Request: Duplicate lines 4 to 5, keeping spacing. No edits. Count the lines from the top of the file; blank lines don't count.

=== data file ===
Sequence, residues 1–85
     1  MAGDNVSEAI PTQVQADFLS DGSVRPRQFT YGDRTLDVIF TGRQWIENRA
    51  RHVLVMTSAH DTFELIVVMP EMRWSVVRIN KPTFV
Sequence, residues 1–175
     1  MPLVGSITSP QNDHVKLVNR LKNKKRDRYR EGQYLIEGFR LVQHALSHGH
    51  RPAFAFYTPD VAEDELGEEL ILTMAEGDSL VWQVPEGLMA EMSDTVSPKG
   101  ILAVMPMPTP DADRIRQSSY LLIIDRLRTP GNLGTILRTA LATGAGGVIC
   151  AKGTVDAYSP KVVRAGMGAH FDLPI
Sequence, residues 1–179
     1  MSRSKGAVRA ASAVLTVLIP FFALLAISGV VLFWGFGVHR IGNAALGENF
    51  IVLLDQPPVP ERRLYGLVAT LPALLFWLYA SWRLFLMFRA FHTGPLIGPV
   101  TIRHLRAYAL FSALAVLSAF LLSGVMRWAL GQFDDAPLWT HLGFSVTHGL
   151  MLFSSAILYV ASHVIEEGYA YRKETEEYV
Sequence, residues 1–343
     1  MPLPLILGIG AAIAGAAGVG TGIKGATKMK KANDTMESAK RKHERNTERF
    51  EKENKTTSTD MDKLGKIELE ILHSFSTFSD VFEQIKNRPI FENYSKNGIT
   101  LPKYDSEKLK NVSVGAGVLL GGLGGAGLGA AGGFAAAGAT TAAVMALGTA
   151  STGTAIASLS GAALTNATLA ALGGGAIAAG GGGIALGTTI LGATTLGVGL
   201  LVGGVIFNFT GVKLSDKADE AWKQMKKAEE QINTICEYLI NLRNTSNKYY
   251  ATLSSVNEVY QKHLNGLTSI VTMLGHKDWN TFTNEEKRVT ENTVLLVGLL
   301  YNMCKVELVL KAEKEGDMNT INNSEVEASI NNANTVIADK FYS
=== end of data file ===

Sequence, residues 1–175
     1  MPLVGSITSP QNDHVKLVNR LKNKKRDRYR EGQYLIEGFR LVQHALSHGH